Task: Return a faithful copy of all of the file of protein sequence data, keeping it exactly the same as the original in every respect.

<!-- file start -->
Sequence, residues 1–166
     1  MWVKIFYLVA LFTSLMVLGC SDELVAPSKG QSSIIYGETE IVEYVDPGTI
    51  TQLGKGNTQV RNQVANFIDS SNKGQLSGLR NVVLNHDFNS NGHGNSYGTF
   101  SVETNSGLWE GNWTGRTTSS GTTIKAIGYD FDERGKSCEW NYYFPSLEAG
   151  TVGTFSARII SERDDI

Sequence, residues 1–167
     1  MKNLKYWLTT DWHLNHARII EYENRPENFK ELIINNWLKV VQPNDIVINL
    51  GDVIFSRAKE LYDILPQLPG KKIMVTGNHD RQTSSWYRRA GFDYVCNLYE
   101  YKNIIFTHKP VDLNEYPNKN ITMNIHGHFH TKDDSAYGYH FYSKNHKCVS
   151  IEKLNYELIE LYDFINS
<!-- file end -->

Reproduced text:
Sequence, residues 1–166
     1  MWVKIFYLVA LFTSLMVLGC SDELVAPSKG QSSIIYGETE IVEYVDPGTI
    51  TQLGKGNTQV RNQVANFIDS SNKGQLSGLR NVVLNHDFNS NGHGNSYGTF
   101  SVETNSGLWE GNWTGRTTSS GTTIKAIGYD FDERGKSCEW NYYFPSLEAG
   151  TVGTFSARII SERDDI

Sequence, residues 1–167
     1  MKNLKYWLTT DWHLNHARII EYENRPENFK ELIINNWLKV VQPNDIVINL
    51  GDVIFSRAKE LYDILPQLPG KKIMVTGNHD RQTSSWYRRA GFDYVCNLYE
   101  YKNIIFTHKP VDLNEYPNKN ITMNIHGHFH TKDDSAYGYH FYSKNHKCVS
   151  IEKLNYELIE LYDFINS